"Although no set formula is dispositive, in determining whether a particular tribal organization is an 'arm' of the tribe entitled to share the tribe's immunity from suit, courts generally consider such factors as whether:  the entity is organized under the tribe's laws or constitution rather than Federal law;  the organization's purposes are similar to or serve those of the tribal government;  the organization's governing body is comprised mainly of tribal officials;  the tribe has legal title or ownership of property used by the organization;  tribal officials exercise control over the administration or accounting activities of the organization; and  the tribe's governing body has power to dismiss members of the organization's governing body. More importantly, courts will consider whether  the corporate entity generates its own revenue, whether  a suit against the corporation will impact the tribe's fiscal resources, and whether  the subentity has the power to bind or obligate the funds of the tribe. The vulnerability of the tribe's coffers in defending a suit against the subentity indicates that the real party in interest is the tribe." (Ransom, 86 N.Y.2d at 559?560, 635 N.Y.S.2d 116, 658 N.E.2d 989 [internal quotation marks, citations, and square brackets omitted; numbering added].)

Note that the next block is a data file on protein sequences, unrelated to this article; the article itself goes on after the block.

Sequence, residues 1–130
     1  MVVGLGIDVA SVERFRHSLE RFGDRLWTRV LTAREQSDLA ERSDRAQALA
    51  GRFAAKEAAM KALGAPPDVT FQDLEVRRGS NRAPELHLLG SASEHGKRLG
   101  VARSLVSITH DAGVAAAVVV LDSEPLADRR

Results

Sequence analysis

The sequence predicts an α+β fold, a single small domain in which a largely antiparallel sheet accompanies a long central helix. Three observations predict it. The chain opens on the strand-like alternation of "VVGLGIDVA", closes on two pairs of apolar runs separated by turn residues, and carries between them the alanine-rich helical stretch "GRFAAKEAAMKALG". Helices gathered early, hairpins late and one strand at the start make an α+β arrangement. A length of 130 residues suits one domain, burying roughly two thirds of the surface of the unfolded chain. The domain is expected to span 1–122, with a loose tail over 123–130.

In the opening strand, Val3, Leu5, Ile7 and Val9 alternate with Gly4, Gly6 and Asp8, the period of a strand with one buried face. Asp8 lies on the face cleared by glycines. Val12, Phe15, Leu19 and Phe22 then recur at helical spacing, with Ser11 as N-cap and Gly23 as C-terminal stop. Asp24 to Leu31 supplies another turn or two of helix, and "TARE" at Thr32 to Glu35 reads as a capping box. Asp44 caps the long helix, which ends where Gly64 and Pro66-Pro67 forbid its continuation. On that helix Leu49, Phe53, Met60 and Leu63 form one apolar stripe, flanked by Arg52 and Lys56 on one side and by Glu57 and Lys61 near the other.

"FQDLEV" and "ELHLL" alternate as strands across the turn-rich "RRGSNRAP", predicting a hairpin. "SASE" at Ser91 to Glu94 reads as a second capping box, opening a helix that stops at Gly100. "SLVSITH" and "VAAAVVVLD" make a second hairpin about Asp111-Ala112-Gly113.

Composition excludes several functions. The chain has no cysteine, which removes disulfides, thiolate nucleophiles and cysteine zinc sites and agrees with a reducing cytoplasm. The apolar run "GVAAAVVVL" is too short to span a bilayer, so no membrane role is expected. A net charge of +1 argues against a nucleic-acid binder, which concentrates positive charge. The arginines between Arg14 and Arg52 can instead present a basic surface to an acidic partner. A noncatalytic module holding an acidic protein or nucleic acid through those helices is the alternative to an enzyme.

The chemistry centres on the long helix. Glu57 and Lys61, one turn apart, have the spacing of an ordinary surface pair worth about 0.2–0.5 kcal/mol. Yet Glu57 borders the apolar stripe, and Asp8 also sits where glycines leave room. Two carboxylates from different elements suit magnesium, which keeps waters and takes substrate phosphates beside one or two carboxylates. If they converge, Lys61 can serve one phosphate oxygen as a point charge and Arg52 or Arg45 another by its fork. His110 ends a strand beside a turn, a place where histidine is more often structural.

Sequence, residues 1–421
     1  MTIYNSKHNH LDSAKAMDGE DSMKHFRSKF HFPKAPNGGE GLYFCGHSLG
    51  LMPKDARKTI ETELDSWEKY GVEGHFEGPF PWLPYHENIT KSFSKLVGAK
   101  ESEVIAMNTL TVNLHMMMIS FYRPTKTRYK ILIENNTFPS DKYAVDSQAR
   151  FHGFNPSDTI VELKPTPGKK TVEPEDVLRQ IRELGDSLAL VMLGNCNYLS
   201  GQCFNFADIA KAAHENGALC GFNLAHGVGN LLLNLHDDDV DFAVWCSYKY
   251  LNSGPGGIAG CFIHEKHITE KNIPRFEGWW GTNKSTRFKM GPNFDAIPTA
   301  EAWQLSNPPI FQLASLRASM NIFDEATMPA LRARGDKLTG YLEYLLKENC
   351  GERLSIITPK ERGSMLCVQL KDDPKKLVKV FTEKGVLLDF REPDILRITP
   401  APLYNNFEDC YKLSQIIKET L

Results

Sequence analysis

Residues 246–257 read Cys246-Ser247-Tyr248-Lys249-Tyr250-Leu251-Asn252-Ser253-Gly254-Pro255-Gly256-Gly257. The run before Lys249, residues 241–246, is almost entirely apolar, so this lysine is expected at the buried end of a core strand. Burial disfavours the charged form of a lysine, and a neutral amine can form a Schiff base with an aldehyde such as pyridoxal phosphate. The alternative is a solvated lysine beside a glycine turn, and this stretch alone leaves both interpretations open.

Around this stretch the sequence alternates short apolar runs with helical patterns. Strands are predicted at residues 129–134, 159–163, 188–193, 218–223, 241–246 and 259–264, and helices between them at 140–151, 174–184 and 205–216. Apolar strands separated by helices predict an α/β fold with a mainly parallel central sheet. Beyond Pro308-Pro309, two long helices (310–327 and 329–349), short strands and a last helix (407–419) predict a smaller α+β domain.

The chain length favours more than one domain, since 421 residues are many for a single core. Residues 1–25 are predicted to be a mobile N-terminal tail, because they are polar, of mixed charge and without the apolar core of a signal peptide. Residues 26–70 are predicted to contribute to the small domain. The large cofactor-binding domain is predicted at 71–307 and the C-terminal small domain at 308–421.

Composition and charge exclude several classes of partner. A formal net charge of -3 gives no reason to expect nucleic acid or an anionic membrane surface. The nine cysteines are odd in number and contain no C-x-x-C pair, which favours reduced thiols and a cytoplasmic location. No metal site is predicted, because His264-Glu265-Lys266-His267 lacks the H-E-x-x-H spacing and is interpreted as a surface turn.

Applying these factors, we held in Ransom that the St. Regis Mohawk Education and Community Fund-a nonprofit corporation, organized under the District of Columbia Nonprofit Corporation Act, providing educational, health care, social and historical services to residents of the St. Regis Mohawk Reservation in Franklin County-was a tribal entity that enjoyed sovereign immunity from suit. We explained that "[t]he Fund was established to enhance the health, education and welfare of Tribe members, a function traditionally shouldered by tribal government. Additionally, the Fund received its resources from the Tribe, and the Tribe was designated by the Fund as the recipient of its funds and services. Critically, under its by-laws, the Fund's governing body may only be comprised of elected Chiefs of the Tribe. Thus, the Fund's provision of social services on behalf of and under the direct fiscal and administrative control of the Tribe renders it an entity so closely allied with and dependent upon the Tribe that it is entitled to the protection of tribal sovereign immunity" (id. at 560, 635 N.Y.S.2d 116, 658 N.E.2d 989).